Advocacy Update: ACP Health Policy Internship Experience
As medical students, residents, fellows, and practicing physicians, we spend our time learning medicine from textbooks, researching new treatments at the bench, and practicing at the bedside where we treat and counsel patients. For many of us, the political process occurring in Washington, DC, is at best a secondary thought—a place we feel out of our comfort zone, away from our habitat.
As an MD/PhD student, I definitely felt more at home at the bedside and bench side than on the Hill. For that reason, I feel fortunate to have had a chance to participate in a month-long health policy internship at ACP’s DC Advocacy and Governmental Affairs Office in May 2013. This unique opportunity allowed me to learn about the legislative process and develop my advocacy skills. Attending congressional hearings, coalition meetings, and briefings on new health care policies from stakeholder private and governmental agencies allowed me to understand current issues in health care policy. Accompanying ACP DC staff on visits to lobby for policy issue, meeting with members of congress and their aides, and holding a medical student/associate briefing at ACP’s Leadership Day events cultivated my advocacy abilities.
The experience made me realize that as doctors dedicated to ensuring the best possible care for our patients, we all need to understand the political process as it relates to our ability to perform our occupation. In reality, what happens in DC permeates every aspect of medicine: funding for graduate medical education, funding for essential health programs for the poor and uninsured that determine an effective national health policy, funding for the National Institutes of Health and the biomedical research it supports, laws sustaining a broken medical liability system that leads to defensive medicine and unsustainable health care costs, and laws governing a broken payment system that at many levels encourages procedural care over preventive care, further creating an unsustainable health care model. Over the next few years, as the Affordable Care Act is implemented with all its benefits and shortcomings, we as a community have to step up and share our vision for the optimal model of health care!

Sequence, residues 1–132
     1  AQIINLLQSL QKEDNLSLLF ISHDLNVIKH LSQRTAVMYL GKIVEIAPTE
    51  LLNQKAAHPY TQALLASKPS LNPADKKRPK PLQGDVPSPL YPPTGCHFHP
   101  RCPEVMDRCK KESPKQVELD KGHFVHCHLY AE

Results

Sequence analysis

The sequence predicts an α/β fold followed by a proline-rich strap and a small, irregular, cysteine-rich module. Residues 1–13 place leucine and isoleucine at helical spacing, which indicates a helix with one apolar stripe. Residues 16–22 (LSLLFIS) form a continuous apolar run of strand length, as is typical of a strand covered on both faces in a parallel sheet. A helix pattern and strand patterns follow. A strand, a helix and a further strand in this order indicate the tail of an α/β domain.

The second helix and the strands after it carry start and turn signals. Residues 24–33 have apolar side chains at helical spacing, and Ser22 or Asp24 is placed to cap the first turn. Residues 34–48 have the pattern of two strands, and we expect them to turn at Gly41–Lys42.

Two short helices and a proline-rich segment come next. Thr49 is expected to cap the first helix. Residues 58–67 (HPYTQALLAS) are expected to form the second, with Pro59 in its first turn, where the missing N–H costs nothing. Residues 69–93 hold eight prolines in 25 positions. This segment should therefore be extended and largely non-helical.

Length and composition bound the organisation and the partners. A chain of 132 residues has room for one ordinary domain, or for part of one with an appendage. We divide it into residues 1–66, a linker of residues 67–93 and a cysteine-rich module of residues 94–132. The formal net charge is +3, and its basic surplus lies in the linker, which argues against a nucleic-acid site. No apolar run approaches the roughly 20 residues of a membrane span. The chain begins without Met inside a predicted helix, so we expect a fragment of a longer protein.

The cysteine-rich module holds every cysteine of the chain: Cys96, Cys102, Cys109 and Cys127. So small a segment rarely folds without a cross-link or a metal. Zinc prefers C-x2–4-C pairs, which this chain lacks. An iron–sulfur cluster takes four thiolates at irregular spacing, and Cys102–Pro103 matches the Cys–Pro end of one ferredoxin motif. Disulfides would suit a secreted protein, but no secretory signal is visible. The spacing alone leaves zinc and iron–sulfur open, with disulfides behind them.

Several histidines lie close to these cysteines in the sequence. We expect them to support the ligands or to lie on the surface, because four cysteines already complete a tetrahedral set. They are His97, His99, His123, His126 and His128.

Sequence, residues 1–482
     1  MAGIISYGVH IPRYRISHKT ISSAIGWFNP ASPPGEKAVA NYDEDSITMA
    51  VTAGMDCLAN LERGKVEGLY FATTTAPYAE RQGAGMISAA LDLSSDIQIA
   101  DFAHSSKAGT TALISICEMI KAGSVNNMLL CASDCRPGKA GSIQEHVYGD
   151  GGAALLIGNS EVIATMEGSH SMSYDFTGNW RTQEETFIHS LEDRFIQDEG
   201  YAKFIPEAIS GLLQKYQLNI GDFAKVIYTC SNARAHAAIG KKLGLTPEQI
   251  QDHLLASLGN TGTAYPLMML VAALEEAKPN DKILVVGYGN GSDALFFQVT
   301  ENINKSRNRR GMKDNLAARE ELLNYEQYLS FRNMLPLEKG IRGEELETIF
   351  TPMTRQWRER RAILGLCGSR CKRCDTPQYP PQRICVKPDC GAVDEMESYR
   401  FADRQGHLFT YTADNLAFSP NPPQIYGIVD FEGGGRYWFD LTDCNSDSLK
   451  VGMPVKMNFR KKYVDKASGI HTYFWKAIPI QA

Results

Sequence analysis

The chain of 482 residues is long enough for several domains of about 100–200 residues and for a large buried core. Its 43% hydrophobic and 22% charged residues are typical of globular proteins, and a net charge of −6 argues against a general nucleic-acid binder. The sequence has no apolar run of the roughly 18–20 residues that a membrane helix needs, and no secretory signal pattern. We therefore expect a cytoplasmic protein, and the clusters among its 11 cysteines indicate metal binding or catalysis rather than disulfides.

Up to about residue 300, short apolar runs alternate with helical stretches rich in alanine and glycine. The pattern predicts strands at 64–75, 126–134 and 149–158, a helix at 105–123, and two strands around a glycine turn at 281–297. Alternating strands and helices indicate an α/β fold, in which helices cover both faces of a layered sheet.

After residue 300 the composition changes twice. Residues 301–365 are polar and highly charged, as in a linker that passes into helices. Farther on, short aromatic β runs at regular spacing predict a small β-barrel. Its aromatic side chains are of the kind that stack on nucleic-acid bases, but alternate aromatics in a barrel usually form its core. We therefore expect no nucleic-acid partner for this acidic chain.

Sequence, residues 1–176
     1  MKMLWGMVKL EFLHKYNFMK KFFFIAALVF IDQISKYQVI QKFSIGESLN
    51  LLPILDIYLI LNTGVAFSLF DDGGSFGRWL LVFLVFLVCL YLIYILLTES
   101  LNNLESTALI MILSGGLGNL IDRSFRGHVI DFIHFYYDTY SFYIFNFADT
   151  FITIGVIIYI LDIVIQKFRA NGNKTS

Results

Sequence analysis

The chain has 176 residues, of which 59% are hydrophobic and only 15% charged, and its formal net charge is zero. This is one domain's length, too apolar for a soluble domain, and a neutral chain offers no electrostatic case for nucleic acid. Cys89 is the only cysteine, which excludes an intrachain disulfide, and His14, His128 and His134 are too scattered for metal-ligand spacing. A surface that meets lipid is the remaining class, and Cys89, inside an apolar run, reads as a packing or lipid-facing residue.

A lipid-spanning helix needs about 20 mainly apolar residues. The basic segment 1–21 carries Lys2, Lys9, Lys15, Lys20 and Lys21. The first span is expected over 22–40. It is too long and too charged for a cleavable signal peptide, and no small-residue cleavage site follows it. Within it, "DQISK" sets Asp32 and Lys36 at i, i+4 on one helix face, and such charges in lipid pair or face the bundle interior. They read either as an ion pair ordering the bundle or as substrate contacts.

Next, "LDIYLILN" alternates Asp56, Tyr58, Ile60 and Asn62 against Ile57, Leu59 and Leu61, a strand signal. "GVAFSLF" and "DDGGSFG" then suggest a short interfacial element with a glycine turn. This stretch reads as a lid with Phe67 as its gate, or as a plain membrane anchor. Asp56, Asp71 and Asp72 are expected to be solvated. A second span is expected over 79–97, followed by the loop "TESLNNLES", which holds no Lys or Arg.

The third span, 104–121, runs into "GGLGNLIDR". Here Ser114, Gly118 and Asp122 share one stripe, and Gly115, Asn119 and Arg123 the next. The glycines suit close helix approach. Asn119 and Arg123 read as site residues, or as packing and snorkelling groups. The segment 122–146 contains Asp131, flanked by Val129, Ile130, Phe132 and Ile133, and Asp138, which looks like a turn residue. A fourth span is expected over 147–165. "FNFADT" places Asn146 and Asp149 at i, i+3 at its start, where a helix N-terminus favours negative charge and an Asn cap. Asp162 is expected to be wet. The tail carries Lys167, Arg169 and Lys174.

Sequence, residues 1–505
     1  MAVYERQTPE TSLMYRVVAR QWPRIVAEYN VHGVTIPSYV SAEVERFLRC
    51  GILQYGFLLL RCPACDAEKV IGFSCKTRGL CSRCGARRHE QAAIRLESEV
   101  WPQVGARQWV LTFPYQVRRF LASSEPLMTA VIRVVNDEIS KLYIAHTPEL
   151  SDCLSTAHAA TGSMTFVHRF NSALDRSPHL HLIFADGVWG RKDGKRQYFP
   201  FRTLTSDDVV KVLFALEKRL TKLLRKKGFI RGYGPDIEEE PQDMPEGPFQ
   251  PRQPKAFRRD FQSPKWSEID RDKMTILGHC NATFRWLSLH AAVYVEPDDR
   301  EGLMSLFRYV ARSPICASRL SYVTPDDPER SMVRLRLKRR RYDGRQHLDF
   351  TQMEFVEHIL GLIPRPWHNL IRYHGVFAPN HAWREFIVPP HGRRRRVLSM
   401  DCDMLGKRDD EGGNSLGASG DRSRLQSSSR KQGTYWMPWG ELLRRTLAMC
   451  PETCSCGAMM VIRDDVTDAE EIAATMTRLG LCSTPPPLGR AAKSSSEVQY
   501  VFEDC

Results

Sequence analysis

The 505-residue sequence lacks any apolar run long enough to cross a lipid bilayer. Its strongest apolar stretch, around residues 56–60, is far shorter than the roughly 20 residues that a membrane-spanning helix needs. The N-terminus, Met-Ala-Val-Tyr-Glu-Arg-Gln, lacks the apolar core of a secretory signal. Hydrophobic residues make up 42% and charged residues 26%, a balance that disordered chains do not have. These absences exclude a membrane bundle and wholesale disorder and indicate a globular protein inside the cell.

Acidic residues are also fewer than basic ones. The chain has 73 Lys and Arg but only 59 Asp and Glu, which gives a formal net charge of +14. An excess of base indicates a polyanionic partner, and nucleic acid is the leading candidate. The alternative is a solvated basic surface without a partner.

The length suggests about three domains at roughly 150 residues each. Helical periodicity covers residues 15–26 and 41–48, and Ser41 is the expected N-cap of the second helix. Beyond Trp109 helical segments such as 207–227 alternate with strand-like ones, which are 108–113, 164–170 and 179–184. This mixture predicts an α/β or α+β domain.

In summary, I would like to paraphrase two memorable comments given by two congressmen. First, it is our responsibility to advocate on behalf of our patients. Otherwise, we are destined to be helpless and throw objects and curses at the television when we do not agree with laws proposed in Congress. Second, as physicians across all specialties, we need to speak with one unified voice or risk being seen as self-interested guilds. This would hamper our ability to champion health care reforms that would lead to higher-quality, lower-cost care and a return to an environment that promotes a healthier physician–patient interaction with less bureaucracy and fewer defensive practices.
Eugene Shenderov, MD, PhD
Johns Hopkins University School of Medicine
Apply for the 2014 ACP Health Policy Internship Program
ACP is accepting applications for the College's Health Policy Internship for Resident/Fellow and Medical Student Members. This Internship represents a unique opportunity for one Resident/Fellow Member and one Medical Student Member to develop legislative knowledge and advocacy skills by working directly with the College’s Washington, DC, staff and participating in ACP’s annual Leadership Day. The internship will last for 4 weeks starting April 28, 2014. The deadline for applications is October 22, 2013. Learn more.
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